The Progress Telerik Reporting family has grown since R3 2021—a new WinUI Report Viewer that can be embedded in WinUI3 desktop applications is now available.
I am sure that you have heard about the Telerik day-zero support for WinUI. This is a long story written by our great developers that started more than a year ago. The first family member was the DataGrid for WinUI component. After it, bit by bit, adding a component after component, the Telerik UI for WinUI family has grown together with the Microsoft WinUI Library. Get to know it by downloading the Telerik WinUI demos.
Having a stable and extensive set of Telerik UI for WinUI controls for UWP and Desktop, what is the next logical step? If you thought about a WinUI Report Viewer, you are right! Delivering a Report Viewer for WinUI seemed an easy task, having in mind all the various Telerik Report Viewers we have already. The list of supported platforms is broad—ASP.NET Core, Blazor, Angular, WPF, Winforms, etc. And here is a little secret from the kitchen—they all share the same engine below the surface.
Wanna know the story of delivering a WinUI Report Viewer? Sure, let’s start. But, oh, two little things you should know first—it was introduced with the R3 2021 release. And tooltips over a report’s content were freshly added with the R3 2021’s Service Pack.
If this is the first time you are hearing about WinUI or you get confused about its versions, here is a brief intro.
The Windows UI Library is a native UX framework for both Windows desktop and UWP applications. It is based on the Fluent Design System. There are two generations of WinUI under active development—WinUI 2 and WinUI 3. While WinUI 2.x is a control library on top of UWP shipped as a standalone NuGet package, WinUI 3.0 is an entirely new framework that aims to replace the UI and application framework of UWP. WinUI 3.0 is shipped with the Windows App SDK (formerly known as Project Reunion).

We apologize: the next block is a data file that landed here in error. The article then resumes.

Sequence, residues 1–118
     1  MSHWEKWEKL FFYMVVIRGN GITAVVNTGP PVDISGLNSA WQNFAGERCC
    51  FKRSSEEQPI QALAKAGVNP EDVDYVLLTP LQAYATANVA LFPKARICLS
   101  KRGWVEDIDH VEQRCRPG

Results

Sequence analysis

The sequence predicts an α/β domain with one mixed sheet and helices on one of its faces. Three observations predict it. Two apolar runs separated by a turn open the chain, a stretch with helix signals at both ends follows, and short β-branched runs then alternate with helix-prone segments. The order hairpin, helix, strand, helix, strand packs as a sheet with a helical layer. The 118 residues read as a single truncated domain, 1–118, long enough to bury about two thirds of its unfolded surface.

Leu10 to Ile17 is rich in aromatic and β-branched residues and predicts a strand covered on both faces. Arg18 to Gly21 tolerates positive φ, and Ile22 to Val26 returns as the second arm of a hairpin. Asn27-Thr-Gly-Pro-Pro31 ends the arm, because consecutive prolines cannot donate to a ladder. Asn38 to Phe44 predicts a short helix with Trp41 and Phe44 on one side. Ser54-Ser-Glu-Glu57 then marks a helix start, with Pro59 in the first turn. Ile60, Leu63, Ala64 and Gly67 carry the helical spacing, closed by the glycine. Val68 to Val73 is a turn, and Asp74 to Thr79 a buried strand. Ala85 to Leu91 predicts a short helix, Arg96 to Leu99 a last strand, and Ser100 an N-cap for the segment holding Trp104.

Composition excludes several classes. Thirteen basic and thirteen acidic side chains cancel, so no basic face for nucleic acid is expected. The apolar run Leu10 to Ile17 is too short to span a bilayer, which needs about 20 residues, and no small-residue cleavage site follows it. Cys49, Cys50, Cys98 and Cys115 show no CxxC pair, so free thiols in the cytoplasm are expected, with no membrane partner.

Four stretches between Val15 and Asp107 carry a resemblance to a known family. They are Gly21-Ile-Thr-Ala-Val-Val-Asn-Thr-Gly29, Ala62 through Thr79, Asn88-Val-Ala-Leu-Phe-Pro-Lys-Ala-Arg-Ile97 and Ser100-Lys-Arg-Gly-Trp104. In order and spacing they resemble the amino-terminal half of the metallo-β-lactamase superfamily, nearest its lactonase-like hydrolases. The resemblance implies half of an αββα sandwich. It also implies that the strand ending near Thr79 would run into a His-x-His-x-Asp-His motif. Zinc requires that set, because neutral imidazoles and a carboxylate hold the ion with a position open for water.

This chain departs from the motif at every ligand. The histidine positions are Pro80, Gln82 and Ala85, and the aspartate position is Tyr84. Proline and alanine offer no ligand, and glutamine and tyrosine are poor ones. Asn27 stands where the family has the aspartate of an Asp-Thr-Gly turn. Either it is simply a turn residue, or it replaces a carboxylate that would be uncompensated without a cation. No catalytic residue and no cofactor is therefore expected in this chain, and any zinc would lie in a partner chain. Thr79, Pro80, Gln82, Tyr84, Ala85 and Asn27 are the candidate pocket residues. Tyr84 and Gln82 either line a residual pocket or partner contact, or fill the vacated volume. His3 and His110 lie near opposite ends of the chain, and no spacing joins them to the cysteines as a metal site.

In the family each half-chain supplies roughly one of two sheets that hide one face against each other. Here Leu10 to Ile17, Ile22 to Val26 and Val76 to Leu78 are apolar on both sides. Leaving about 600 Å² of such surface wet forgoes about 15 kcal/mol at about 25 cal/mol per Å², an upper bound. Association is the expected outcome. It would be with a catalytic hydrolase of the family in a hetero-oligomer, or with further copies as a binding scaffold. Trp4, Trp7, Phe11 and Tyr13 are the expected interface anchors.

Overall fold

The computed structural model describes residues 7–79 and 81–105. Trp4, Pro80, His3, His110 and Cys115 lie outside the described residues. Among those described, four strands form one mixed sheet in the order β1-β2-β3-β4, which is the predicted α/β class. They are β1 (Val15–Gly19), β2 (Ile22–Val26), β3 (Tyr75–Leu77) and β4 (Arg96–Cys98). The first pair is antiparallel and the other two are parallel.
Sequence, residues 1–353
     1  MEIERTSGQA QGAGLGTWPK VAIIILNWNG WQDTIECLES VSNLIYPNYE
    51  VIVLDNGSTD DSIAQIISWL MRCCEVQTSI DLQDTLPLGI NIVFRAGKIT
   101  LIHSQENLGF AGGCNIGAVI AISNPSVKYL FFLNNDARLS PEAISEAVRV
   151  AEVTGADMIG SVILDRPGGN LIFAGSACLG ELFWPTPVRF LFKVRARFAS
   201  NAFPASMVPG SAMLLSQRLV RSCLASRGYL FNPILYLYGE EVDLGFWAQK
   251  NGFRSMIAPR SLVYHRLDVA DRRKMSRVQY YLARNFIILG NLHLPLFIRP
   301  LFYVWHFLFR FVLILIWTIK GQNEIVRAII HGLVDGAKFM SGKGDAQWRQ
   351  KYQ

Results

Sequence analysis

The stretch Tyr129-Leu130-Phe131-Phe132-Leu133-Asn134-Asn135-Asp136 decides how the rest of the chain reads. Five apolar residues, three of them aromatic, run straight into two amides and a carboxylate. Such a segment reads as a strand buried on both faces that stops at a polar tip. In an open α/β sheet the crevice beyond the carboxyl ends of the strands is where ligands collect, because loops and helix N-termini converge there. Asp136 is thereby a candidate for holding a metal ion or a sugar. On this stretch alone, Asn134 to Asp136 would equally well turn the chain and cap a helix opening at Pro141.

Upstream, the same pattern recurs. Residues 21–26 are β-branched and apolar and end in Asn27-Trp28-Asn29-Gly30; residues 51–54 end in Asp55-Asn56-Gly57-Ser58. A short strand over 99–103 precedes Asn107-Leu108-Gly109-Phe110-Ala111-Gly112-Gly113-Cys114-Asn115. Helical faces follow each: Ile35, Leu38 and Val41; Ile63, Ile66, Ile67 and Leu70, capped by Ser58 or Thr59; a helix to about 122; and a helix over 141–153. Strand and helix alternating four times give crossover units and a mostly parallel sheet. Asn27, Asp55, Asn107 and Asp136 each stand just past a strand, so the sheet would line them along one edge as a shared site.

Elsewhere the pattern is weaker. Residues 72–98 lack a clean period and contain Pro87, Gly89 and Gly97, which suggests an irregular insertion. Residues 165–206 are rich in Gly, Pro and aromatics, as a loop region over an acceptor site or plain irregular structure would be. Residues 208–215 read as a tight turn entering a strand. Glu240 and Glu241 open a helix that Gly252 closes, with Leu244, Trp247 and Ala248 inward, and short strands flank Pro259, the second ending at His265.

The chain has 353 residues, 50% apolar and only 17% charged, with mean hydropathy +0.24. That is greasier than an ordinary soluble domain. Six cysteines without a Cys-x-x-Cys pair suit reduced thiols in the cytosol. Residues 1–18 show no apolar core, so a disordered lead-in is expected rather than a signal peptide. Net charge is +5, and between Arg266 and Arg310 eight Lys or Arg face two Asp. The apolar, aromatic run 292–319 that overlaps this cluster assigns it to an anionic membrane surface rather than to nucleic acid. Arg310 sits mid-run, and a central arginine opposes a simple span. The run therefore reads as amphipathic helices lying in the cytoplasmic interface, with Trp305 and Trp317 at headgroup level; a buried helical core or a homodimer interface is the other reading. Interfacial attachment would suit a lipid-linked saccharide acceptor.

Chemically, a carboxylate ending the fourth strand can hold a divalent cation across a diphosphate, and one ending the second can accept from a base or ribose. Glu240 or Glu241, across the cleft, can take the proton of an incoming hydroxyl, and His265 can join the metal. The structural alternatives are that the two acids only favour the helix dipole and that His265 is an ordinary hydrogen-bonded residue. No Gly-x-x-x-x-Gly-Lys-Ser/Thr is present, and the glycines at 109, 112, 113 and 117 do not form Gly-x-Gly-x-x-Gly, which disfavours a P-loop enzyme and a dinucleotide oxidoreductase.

Telerik WinUI products aim to target the latest stable version of Windows App SDK.
It all started with the UI.
The designers followed the outstanding UX experience that we deliver with our other report viewers. First, we created the “skeleton” with the following parts—navigation, document map, report area, parameters area and zooming bar.
What is a report viewer without a navigation bar?!
Having such, you can navigate through the pages of the report or the history of the visited reports. You can also customize the page settings, print or export the report, and toggle whether the document map and the parameters area are visible.
For the needs of our report viewer, we used the MS CommandBar with custom content for the AppBarButtons and AppBarToggleButtons to be left-aligned. Also, a new set of path icons was provided by the designers, as some of the needed icons were missing in the predefined WinUI symbol icons set and in the Segoe MDL2 Assets icons.
The MS TreeView has an attractive design fitted very well for the document map, whereas the parameters area is a custom control—ReportParametersControl—which changes its template depending on the type of the parameter.
The report area has two views—an interactive template and a print preview template. Switching between the logical and the physical page rendering happens by toggling the print preview button in the command bar.
Below the report, there is a zoom which together with the drill-down and the drill-through functionalities makes the report interactive. The zooming feature was developed with the Telerik LayoutTransformControl and the Telerik RangeSlider, which both could be of great help to a developer.